• Get to know students who are different from you.
    • You will lose valuable opportunities to grow if you only associate with your own all the time. It is important to get to know students who are different from you. It could be someone from a different part of the country, or from another country, a different ethnicity, a different religion, someone who has different views from yours, or who has different interests and perspectives.

News Archive

Translation Day Seminar
2007-10-22

Subverting the West? Engaging language practice as African interpretation.

With the above-mentioned title in mind, about 30 people gathered at the Main Campus of the University of the Free State (FS) in Bloemfontein for a Translation Day Seminar. The day was attended by academics, language practitioners, government departments, students, and other stakeholders in language practice.

Prof. Jackie Naudé, the Programme Director for the Programme in Language Practice at the UFS, gave a short historical overview of developments in research and training in language practice of the past decade. He argued in favour of a socio-constructivist approach to teaching and research in language practice. His point was that students need to be given the opportunity to engage with the complexities of real-life problems, specifically the complexities of the African context.

Dr Kobus Marais, Senior Lecturer in Translation Studies at the UFS, gave an overview of the state of the art of translation research. This meant that language practitioners are agents in communication, not mere conduits of meaning. He argued that translators’ agency implied that they have to make informed choices, the most important of which is whether to indigenise or foreignise when translating. He developed wisdom as a notion in translation, indicating that translators need to be wise to interpret their context and translate in such a way that (Western) ideology does not ride piggy-back on their translations into the African target culture.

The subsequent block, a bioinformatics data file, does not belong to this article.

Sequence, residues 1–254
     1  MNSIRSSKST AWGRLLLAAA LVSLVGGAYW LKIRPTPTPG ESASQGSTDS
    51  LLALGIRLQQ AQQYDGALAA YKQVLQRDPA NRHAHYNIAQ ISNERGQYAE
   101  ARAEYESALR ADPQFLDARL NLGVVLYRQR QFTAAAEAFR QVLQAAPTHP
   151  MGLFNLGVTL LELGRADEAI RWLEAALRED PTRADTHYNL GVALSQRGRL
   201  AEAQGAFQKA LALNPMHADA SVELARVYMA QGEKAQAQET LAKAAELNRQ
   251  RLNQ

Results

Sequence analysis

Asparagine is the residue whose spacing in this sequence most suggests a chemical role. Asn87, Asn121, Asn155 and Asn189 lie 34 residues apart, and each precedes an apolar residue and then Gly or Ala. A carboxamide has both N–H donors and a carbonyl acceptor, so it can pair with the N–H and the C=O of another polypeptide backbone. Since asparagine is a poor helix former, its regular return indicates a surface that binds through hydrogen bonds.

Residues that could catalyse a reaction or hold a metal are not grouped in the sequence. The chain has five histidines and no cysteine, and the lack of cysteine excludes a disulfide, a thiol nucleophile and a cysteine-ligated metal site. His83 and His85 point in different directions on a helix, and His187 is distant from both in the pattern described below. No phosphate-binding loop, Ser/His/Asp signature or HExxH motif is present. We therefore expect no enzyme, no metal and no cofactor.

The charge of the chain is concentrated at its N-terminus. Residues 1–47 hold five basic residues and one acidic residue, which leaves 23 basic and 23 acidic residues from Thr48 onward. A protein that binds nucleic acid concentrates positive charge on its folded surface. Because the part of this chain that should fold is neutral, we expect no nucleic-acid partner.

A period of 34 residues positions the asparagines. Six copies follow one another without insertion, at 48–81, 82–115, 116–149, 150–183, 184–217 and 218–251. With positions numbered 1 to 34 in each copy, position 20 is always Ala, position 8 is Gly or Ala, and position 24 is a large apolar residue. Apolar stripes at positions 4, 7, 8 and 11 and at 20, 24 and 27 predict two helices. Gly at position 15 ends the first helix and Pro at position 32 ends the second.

Prof. Joan Connoly, Associate Professor in the Centre for Higher Education Development at Durban University of Technology (DUT), took the audience on a breathtaking journey on the topic of oral knowledge. Her presentation showed examples, both European and African oral knowledge and had a clear message for language practitioners: What can Africans learn from the Western mind? Her answer: "Africans can learn how easy it is to loose one’s oral knowledge base. Africans can look at the West and see what the consequences are when a culture loses its oral-based knowledge. Language practitioners have it in their power to consider this possible loss and do something about it."

Lastly, Ms Lolie Makhubu, Head of the Department of Language and Translation at DUT, spoke about enticement in interpreting to use loan words to impress either the audience or peers or clients. Her argument boils down to the interpreter’s attitude towards African culture and language. If Western culture is regarded as higher than African culture, interpreters will be tempted to boast their knowledge of Western culture by means of their choice of words. However, if interpreters are “Proudly South African”, as she put it, they have not need for showing off by using loan words.


 

Dr Kobus Marais (Senior Lecturer in Translation Studies at the UFS) during the seminar.
Photo (supplied)